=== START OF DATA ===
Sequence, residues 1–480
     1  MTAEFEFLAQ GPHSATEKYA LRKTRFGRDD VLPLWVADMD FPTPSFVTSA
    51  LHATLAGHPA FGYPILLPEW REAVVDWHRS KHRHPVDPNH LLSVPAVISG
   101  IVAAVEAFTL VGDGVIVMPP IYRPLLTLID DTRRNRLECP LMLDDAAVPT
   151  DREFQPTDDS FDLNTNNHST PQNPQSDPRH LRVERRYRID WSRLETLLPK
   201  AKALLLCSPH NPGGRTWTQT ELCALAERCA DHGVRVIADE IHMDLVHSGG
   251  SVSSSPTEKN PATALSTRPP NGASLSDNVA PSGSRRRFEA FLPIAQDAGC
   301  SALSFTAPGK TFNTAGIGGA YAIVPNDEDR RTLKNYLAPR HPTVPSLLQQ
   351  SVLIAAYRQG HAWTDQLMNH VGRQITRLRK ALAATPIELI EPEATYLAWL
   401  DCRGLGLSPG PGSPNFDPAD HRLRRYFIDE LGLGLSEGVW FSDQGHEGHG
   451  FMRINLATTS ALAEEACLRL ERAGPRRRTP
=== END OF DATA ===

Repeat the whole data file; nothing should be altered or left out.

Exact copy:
Sequence, residues 1–480
     1  MTAEFEFLAQ GPHSATEKYA LRKTRFGRDD VLPLWVADMD FPTPSFVTSA
    51  LHATLAGHPA FGYPILLPEW REAVVDWHRS KHRHPVDPNH LLSVPAVISG
   101  IVAAVEAFTL VGDGVIVMPP IYRPLLTLID DTRRNRLECP LMLDDAAVPT
   151  DREFQPTDDS FDLNTNNHST PQNPQSDPRH LRVERRYRID WSRLETLLPK
   201  AKALLLCSPH NPGGRTWTQT ELCALAERCA DHGVRVIADE IHMDLVHSGG
   251  SVSSSPTEKN PATALSTRPP NGASLSDNVA PSGSRRRFEA FLPIAQDAGC
   301  SALSFTAPGK TFNTAGIGGA YAIVPNDEDR RTLKNYLAPR HPTVPSLLQQ
   351  SVLIAAYRQG HAWTDQLMNH VGRQITRLRK ALAATPIELI EPEATYLAWL
   401  DCRGLGLSPG PGSPNFDPAD HRLRRYFIDE LGLGLSEGVW FSDQGHEGHG
   451  FMRINLATTS ALAEEACLRL ERAGPRRRTP